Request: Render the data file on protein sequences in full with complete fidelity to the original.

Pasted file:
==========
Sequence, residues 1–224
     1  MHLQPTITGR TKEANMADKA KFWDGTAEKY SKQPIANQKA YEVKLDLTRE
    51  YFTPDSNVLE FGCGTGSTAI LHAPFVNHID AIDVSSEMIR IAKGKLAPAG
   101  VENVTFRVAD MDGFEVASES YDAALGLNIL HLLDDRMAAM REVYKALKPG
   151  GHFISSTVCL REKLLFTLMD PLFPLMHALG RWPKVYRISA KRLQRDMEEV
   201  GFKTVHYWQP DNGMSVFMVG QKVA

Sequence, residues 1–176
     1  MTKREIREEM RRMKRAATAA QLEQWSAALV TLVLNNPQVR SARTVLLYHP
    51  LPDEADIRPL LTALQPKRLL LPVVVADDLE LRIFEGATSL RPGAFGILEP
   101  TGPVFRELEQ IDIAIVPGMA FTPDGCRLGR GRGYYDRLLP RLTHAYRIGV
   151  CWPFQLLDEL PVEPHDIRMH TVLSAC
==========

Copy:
Sequence, residues 1–224
     1  MHLQPTITGR TKEANMADKA KFWDGTAEKY SKQPIANQKA YEVKLDLTRE
    51  YFTPDSNVLE FGCGTGSTAI LHAPFVNHID AIDVSSEMIR IAKGKLAPAG
   101  VENVTFRVAD MDGFEVASES YDAALGLNIL HLLDDRMAAM REVYKALKPG
   151  GHFISSTVCL REKLLFTLMD PLFPLMHALG RWPKVYRISA KRLQRDMEEV
   201  GFKTVHYWQP DNGMSVFMVG QKVA

Sequence, residues 1–176
     1  MTKREIREEM RRMKRAATAA QLEQWSAALV TLVLNNPQVR SARTVLLYHP
    51  LPDEADIRPL LTALQPKRLL LPVVVADDLE LRIFEGATSL RPGAFGILEP
   101  TGPVFRELEQ IDIAIVPGMA FTPDGCRLGR GRGYYDRLLP RLTHAYRIGV
   151  CWPFQLLDEL PVEPHDIRMH TVLSAC